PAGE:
I have concluded that the NAVAIR equations, themselves, are of limited usefulness. One problem is that ϴ can be a number that spans the continuum between just over zero (0%) to one (100%). Getting Review Group agreement for ϴ would likely be difficult, especially when ϴ can have such a weighty influence on the calculated number of required inspections per P-F interval (for example, when Pacc is 0.01 or less). For instance, a significant amount of Review Group time could be expended in trying reach agreement whether confidence in the inspection method is, say, 0.97, 0.92, 0.90, or 0.88.

NAVAIR’s RCM process does not recognize the concept of net P-F interval

A second problem is the task interval calculation equation itself. NAVAIR’s RCM process does not recognize the concept of net P-F interval. It appears that on-condition task inspections are performed when the aircraft is off-line, in a maintenance status. In the event the inspection reveals a potential failure condition, corrective action must be taken before the aircraft is placed back in service. The direct use of the NAVAIR equation I = (P-F)/n in the RCM2 and RCM3 processes does not make sense. For example, if n = 2, then the inspection periodicity would be one-half the P-F interval; but that also implies that two inspections would have to be accommodated within the P-F interval. For the worst case, the first inspection would be performed just before one-half the P-F interval and the second (if the potential failure was not identified at the time of the first inspection) just before functional failure; thereby, leaving the net P-F essentially zero. Nonetheless, the notion of risk that motivates use of the NAVAIR equations still remains relevant.

Fortunately, using the actual equations is unnecessary. Table 1 is a representation of the data used to populate the graph in Figure 1. Some of the data has been removed from the table for the sake of clarity.

Whenever it is established that the functional failure presents a sizable risk (say, Pacc is .01 or less), we could ask the Review Group, “Are you absolutely confident with the on-condition inspection method, fairly confident, or have some reservation?” The three categories of confidence (that is, absolutely confident, fairly confident, or some reservation) would correspond to ϴ = 0.99, 0.90, and 0.75 respectively. The data from the three, blue shaded rows in Table 1 could then be used to quickly determine the appropriate number of inspections per P-F interval.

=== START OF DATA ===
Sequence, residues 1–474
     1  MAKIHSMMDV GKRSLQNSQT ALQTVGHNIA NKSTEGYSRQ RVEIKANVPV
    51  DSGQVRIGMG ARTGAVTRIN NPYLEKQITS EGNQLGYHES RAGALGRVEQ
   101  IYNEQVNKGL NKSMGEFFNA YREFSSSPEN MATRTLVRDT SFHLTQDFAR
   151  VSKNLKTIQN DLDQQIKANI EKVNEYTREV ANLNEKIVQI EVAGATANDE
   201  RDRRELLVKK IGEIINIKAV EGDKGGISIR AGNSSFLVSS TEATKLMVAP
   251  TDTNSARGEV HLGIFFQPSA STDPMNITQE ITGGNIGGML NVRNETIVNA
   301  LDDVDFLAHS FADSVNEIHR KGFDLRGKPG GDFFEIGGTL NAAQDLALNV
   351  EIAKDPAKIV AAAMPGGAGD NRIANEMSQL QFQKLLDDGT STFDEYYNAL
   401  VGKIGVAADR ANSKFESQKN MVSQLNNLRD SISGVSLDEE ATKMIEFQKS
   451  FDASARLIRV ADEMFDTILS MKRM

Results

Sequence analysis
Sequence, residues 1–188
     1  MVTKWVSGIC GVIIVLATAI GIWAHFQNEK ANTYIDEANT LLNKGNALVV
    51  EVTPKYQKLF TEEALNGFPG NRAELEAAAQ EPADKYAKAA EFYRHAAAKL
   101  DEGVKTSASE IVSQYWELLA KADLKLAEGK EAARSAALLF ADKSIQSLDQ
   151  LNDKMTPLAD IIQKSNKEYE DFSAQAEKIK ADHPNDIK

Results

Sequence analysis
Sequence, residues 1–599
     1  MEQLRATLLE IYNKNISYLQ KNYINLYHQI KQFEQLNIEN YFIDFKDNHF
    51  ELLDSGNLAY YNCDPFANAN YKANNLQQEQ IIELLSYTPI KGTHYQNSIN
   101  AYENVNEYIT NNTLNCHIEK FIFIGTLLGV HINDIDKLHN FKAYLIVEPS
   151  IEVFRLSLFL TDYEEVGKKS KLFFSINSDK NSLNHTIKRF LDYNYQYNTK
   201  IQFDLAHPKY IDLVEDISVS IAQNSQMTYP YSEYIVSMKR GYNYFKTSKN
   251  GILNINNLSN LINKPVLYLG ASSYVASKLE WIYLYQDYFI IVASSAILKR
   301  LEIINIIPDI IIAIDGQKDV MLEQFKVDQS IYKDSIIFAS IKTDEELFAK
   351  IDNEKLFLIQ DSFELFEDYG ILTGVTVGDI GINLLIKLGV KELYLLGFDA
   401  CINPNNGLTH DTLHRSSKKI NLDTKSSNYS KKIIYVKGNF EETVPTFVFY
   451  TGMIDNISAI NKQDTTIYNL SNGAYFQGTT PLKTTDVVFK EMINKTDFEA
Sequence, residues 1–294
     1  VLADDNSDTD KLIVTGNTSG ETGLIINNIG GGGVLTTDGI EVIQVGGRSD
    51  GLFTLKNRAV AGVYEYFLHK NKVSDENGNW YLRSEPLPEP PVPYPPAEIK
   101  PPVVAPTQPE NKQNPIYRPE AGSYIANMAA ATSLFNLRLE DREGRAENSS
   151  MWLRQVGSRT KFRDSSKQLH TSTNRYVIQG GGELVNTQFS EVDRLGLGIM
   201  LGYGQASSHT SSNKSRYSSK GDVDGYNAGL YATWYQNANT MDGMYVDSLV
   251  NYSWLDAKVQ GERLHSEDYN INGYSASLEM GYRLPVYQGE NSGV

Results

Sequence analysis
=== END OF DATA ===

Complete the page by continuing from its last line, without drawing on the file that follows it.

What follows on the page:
Table 1: Calculated Number of Inspections Versus Probability of Detecting the Potential Failure

For example, the Review Group identifies a failure mode that presents a significant (or intolerable) risk to the organization. In order for the risk to be tolerable, the acceptable probability of occurrence (Pacc) might be 0.001 or less. (This method would work well in conjunction with an organization’s risk matrix.) The Group identifies an on-condition task, indicating they are fairly confident in the inspection method. With Pacc = .001 and ϴ = 0.90, Table 1 indicates three inspections in the P-F interval would need to be accommodated.

In order to accommodate the net P-F interval issue discussed above, one option would be to annotate on the Decision Worksheet that when a potential failure condition is identified, the asset must be immediately removed from service until corrective action is completed. A second option might be to subtract some kind of corrective action deferral time from the P-F interval before calculating the on-condition task interval, I = (P-F)/n. In either case, the Review Group would still have to determine if it is practical to perform the task at the proposed intervals.

High stakes failure modes require a risk-based approach

To detect a potential failure before it becomes a functional failure, the task frequency must be less than the P-F interval. For low-risk failure modes, a task periodicity equal to one-half of the P-F interval (or the net P-F interval) is entirely appropriate. However, the probability of potential failure detection can vary due to subjectivity or uncertainty with the inspection outcomes. Because any attempt to predict the onset of a functional failure cannot be 100 percent certain, high stakes failure modes (e.g., safety, environmental and even high impact operations consequences) require a risk-based approach in determining defensible on-condition task periodicities.

Gary West is owner of Targeted Maintenance Solutions and a U.S. Navy submarine veteran. For the past 36 years, he has worked in maintenance of reactor plants, facilities, and spent nuclear fuel handling equipment. He is a graduate of Oregon State University with a Bachelor of Science degree in Mechanical Engineering.